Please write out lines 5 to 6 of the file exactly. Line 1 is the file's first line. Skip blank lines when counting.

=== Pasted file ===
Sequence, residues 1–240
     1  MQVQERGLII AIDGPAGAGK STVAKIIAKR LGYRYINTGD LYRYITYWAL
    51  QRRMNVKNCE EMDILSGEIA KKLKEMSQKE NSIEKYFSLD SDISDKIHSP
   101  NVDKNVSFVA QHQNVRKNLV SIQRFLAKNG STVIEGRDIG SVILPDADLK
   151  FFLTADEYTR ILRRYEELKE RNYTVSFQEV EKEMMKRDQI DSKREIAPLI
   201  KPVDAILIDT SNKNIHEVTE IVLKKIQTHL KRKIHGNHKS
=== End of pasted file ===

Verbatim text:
   151  FFLTADEYTR ILRRYEELKE RNYTVSFQEV EKEMMKRDQI DSKREIAPLI
   201  KPVDAILIDT SNKNIHEVTE IVLKKIQTHL KRKIHGNHKS